Skip to content

What Is the Current Standard for Determining Whether a Requested Hardship Distribution Is Necessary?



QUESTION: I understand that obtaining a hardship distribution from a 401(k) plan requires a certain type of hardship and proof that a 401k plan distribution is necessary to alleviate the hardship. What is the current standard for proving necessity?

ANSWER: In the past (generally, distributions prior to 2020), plans could use either of two standards for determining whether a hardship distribution was necessary: a safe harbor standard or a “non-safe harbor” standard. The safe harbor (1) required a participant to first obtain all currently available distributions and plan loans, and (2) prohibited elective deferrals and after-tax contribution to plans maintained by the plan sponsor for at least six months after the hardship distribution. The non-safe harbor was nominally a determination based on all relevant facts and circumstances, but IRS regulations allowed an employer to rely on a participant’s representation that the need could not reasonably be met by certain specified means (e.g., liquidation of assets, loans, other plan distributions), provided it had no contrary knowledge regarding the participant’s ability to pay.

For distributions made on or after January 1, 2020, there is only one—relatively simple—standard. The new standard imposes only two requirements to establish that a distribution is necessary:

  • Employees must obtain any other currently available distributions under the plan and any other plan of deferred compensation, whether qualified or nonqualified, maintained by the employer (including distributions of ESOP dividends under Code § 404(k)); and
  • Employees must represent in writing (including via an electronic medium or in such other form as the IRS prescribes) that they have insufficient cash or other liquid assets reasonably available to satisfy the financial need.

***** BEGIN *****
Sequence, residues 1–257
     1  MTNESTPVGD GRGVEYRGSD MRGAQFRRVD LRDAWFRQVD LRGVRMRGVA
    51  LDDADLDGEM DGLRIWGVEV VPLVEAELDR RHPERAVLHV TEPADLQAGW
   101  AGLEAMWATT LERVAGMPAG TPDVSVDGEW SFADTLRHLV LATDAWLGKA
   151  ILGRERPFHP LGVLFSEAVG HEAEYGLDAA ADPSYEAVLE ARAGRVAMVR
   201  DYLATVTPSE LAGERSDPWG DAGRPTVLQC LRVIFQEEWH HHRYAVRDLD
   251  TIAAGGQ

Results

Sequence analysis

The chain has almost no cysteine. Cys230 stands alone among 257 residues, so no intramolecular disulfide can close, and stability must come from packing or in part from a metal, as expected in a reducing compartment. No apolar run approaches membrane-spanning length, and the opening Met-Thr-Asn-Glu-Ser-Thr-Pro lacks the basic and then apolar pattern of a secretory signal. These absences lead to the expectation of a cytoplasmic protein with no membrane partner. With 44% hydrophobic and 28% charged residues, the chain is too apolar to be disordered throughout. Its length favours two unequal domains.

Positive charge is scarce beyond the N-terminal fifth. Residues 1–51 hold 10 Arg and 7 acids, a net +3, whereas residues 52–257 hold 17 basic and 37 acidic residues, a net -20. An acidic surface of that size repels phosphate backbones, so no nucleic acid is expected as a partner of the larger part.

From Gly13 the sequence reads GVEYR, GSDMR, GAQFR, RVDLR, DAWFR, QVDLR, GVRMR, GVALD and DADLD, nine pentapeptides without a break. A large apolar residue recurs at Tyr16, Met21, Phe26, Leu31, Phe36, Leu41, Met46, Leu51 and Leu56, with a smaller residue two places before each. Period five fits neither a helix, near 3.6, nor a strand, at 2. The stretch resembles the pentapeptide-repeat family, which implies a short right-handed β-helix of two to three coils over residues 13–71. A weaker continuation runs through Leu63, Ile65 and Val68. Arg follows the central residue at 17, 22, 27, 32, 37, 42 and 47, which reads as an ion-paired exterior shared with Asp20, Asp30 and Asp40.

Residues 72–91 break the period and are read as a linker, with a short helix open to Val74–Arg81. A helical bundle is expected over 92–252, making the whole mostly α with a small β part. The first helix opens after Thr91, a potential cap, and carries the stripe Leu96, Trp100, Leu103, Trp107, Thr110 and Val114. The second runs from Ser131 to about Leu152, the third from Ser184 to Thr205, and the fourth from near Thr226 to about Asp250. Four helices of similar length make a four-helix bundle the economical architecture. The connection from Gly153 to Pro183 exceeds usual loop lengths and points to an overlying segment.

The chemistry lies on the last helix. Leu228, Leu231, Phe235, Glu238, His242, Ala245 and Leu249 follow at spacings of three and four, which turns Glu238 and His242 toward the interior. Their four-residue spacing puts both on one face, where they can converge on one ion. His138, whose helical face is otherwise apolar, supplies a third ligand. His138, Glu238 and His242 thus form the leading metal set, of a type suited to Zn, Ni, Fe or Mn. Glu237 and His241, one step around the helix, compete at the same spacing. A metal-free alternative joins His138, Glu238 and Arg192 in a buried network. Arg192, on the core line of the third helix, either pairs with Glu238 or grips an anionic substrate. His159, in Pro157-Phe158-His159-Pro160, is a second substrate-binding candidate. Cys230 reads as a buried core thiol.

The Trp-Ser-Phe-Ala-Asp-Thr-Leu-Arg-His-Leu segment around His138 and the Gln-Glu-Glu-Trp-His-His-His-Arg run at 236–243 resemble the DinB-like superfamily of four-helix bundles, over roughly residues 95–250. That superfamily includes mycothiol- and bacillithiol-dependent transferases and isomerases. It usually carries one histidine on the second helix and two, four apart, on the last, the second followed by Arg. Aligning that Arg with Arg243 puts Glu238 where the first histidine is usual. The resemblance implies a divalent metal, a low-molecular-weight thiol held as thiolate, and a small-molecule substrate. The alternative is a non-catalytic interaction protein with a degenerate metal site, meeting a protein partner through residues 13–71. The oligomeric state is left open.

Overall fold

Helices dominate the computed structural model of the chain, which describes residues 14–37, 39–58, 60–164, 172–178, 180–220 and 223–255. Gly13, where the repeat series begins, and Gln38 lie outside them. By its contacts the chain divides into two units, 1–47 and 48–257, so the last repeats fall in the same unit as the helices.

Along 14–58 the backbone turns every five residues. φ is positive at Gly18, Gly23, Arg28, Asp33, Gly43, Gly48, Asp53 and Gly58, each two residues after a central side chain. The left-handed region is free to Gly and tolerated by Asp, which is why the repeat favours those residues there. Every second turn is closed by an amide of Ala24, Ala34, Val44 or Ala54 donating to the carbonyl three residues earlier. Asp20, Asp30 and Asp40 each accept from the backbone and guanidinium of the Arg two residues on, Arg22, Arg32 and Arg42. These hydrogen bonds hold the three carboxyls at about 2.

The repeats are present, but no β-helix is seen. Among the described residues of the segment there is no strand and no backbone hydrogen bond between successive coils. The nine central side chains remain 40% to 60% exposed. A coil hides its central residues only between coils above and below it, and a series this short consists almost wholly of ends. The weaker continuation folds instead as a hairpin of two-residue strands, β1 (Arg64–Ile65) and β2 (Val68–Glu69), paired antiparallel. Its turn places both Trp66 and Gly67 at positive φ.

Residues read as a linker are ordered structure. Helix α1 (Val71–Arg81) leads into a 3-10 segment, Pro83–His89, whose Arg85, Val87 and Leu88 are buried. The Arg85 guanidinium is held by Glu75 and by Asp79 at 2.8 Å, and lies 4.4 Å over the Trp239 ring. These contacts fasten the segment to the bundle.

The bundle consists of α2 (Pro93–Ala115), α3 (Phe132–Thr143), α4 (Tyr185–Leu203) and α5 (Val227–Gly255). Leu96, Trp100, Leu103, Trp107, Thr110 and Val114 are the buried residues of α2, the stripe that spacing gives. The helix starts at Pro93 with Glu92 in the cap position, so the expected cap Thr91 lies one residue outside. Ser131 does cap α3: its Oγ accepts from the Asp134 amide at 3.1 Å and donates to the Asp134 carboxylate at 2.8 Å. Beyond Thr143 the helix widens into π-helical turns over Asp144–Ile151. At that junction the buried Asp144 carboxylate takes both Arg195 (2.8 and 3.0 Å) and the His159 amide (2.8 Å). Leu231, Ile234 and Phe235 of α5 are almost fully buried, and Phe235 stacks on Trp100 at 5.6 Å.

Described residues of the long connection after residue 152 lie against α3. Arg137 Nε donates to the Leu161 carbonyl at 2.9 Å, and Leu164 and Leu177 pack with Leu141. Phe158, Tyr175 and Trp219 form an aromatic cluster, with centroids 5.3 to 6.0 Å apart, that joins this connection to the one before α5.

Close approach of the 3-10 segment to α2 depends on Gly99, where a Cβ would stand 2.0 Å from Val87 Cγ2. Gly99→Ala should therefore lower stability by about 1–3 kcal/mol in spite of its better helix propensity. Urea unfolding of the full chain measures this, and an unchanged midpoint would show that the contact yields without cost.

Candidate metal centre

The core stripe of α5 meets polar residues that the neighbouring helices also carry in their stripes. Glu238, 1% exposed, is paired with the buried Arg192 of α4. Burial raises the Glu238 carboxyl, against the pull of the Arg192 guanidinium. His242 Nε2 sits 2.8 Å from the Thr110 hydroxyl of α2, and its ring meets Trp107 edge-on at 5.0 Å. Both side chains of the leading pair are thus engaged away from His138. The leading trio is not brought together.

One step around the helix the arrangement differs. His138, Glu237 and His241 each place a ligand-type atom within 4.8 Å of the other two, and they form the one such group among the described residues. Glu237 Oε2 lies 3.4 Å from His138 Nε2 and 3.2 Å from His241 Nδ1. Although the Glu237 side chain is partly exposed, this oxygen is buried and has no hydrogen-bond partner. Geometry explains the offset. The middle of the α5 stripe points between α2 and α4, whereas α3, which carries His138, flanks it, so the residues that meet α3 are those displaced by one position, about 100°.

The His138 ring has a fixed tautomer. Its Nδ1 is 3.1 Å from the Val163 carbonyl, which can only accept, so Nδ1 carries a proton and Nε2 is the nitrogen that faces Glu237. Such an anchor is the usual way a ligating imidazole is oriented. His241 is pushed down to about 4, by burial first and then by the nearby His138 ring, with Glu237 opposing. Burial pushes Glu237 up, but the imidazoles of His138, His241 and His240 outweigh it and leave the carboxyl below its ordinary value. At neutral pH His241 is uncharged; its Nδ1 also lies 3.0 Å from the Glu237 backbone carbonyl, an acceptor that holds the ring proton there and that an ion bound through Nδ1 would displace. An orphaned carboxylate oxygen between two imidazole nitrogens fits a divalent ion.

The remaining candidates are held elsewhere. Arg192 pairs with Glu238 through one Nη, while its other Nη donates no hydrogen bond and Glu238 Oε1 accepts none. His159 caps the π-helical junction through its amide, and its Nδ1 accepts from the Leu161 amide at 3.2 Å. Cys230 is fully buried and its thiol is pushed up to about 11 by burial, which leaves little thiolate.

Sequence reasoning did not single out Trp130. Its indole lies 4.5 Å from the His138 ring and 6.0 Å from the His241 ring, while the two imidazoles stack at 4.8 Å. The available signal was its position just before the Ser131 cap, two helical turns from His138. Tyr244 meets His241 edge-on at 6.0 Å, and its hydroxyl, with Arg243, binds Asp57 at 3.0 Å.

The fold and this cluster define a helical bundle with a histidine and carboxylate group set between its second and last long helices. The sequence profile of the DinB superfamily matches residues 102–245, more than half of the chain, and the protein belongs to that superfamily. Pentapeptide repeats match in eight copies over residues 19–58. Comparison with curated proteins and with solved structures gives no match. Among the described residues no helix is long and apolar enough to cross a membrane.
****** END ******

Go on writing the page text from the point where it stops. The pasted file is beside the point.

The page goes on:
Cash and other liquid assets are not “reasonably available” if they are earmarked for payment of another obligation in the near future, such as rent. A plan administrator cannot accept an employee’s representation if it has actual knowledge contrary to the representation.

Plans can choose to impose only the minimum conditions described above, or they can impose additional conditions if, for example, a plan sponsor is concerned that plan accounts be preserved for retirement. Additional conditions could include requiring that employees first take all nontaxable loans available under all plans maintained by the employer. For distributions made on or after January 1, 2020, however, additional conditions cannot include a required suspension of elective contributions or employee (after-tax) contributions under tax-qualified plans (including 401(k) plans) and certain other retirement plans.

For more information, see EBIA’s 401(k) Plans manual at Sections XV.D (“Establishing a Lack of Other Resources: Distributions Prior to 2020”), XV.E (“General Standard for Determining Lack of Other Resources”), and XV.G (“What Documentation Should Be Required for Hardship Distributions?”).

Contributing Editors: EBIA Staff.

More answers